Vanity thought #203. Incarnating.

I was reading Gaura Ganodesha Dipika recently, which could be found on Nitaaiveda, and I was surprised how casually Kavi Karnapura deals with incarnations there.

There’s no ontological explanation offered to understand what he really meant when he said this gopa appeared as this and that demigod appeared as that. Maybe one day I will find something definitive on the subject but until that day I’m free to speculate as much as I want. What fun!

Basically, we are dealing with stuff like this, for example:

51. The person who appeared in Lord Chaitanya’s pastimes as Jagadananda Pandita was actually an incarnation of Shrimati Satyabhama-devi. What devotee can say otherwise?

Kavi Karnapura has complied the book from writings of senior devotees and testimonies of devotees in Orissa, Bengal and Mathura, too.

He started working on Gaura Ganodesha Dipika about twenty years after the disappearance of Sri Chaitanya Mahaprabhu when many of Lord’s associates were still present and memories were still fresh. Now no one is in the position to argue, of course.

The question still remains – with no references given in the book and no exact sources for each disclosed identity, how can we trust these revelations completely? Not speaking for anyone else here – how can I be sure that none of these statements is based, in fact, on a rumor that was going around some fifty years earlier and which no one cared to refute at that time?

From biographies of Lord Chaitanya it appears people were eager to say all kinds of things in those days. I mean there are plenty of cases in Chaitanya Bhagavat, for example, when people were openly speculating on identities of the Lord and His associates.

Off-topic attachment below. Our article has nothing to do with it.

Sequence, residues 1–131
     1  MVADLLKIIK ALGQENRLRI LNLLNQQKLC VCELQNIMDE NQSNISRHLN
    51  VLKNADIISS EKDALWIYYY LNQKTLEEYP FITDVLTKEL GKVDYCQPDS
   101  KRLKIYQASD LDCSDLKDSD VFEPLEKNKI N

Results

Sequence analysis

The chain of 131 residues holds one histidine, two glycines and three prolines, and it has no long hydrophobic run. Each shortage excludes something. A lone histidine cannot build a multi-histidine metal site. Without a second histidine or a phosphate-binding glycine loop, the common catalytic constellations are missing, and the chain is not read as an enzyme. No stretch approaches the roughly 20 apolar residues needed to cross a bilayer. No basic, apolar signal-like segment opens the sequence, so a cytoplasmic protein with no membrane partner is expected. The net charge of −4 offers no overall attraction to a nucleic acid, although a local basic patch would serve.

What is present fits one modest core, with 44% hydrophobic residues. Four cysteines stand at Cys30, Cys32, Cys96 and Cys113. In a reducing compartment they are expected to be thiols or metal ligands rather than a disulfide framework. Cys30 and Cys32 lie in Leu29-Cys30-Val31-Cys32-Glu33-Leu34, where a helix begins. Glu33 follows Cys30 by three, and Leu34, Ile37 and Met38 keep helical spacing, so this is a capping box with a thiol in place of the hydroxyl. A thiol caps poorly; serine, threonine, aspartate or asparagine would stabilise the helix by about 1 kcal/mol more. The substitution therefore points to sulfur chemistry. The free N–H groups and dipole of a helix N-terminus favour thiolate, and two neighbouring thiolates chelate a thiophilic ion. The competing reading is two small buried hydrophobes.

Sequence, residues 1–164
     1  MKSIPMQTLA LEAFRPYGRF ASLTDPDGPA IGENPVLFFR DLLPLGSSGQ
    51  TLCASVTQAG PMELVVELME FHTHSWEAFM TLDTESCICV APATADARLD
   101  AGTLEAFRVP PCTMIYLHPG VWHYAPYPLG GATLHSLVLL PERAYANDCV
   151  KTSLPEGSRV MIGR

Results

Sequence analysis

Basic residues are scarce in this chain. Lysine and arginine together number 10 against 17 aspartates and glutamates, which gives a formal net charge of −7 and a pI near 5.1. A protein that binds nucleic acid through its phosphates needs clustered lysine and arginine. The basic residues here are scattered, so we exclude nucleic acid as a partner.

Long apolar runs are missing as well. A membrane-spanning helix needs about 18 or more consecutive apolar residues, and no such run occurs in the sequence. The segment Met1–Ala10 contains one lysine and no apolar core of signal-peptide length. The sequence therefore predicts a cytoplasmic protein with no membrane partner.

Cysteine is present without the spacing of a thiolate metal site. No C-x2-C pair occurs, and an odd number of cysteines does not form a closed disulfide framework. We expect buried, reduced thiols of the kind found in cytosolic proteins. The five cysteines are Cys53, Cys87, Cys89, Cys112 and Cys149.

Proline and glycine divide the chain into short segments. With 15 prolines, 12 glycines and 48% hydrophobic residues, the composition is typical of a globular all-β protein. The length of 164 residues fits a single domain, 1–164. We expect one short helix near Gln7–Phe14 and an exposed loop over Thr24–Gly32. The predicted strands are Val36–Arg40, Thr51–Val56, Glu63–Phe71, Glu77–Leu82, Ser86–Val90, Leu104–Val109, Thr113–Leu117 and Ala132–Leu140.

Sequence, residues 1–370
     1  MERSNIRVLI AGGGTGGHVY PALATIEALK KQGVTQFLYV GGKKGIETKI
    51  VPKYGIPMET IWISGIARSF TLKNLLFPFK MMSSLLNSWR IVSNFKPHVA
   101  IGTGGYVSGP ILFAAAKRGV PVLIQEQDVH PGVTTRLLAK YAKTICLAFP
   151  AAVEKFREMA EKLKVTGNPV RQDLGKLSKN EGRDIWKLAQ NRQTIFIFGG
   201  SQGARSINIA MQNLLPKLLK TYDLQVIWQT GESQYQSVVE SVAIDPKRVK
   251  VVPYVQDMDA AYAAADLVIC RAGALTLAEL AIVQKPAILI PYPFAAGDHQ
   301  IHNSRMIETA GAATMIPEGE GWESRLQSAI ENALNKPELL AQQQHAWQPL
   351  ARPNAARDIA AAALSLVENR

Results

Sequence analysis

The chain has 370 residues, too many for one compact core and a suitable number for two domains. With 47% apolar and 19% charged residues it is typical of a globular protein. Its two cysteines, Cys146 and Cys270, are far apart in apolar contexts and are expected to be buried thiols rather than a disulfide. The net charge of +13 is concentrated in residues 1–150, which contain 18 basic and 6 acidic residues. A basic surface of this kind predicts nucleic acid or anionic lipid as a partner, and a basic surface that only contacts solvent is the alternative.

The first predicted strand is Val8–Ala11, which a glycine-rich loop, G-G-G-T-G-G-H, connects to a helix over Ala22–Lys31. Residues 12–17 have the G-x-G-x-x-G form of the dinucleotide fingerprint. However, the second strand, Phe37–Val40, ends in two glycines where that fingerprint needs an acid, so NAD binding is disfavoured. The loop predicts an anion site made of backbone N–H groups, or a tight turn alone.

What about Srimati Laksmipriya who is described as Laksmidevi but Lord Chaitanya Himself said she was a dancer from Indra’s court?

I don’t know who was right and who was wrong. Kavi Karnapura? Lord Chaitanya? Lochana Das Thakura? It appears one of them must have been wrong.

That is an awkward question to ask and I’d rather avoid tackling it head on.

I’d rather propose that we might see incompatible answers because we haven’t formulated the question properly. I mean let’s look at the meaning and possible mechanics of incarnating first.

There are plenty of cases in Gaura Ganodesha Dipika of two persons incarnating in the same body. Advaita Acharya’s son Achyutananda was the incarnation of both Kartikkeya and Achyta Gopi, for example. Haridas Thakur was incarnation of Richika Muni, Prahlada Maharaj, and, according to Bhaktivinoda Thakura, Lord Brahma. Ramananda Raya is declared an incarnation of three persons – Lalita, Arjunya, and Arjuna, and just a few verses earlier Arjuna, the cowherd boy from Vrindavana, was mentioned, too.

Apparently that same Vrindavana Arjuna also appeared as Sri Parameshvara, while Lalita is said to have incarnated as Gadadhara Pandit.

It sounds like a royal mess rather than definitive list, but only we we approach it from “you go as this person and you go as that person” perspective, which is the most natural for us. Maybe it’s this approach that is incorrect, not the results.

From the very beginning of Krishna consciousness movement everybody is told that we are spirit souls that migrate from one body to another, that the soul travels between planets and between species of life. That in this life I might be a man but previously I might have been a woman, or will become a woman next. Maybe I have lived in India once already, maybe I will earn the privilege of being born there soon. It’s all about me going places, isn’t it?

Well, what if it really isn’t?

What if this whole material world is a giant amusement park? What if we are just moving from one ride to another? The difference between this model and our usual perception is enormous – carnival rides go in their circles regardless of whether we made to get on in time or we missed.

It’s not me who becomes a man in this life – just like with rides, this man’s body is going through its paces regardless of whether I’m present or not.

Sure the body needs a soul to live, that’s our definition of life, but carnival rides also won’t go if there’s no one aboard and it still doesn’t matter who exactly is on and some percentage of seats is allowed to go empty.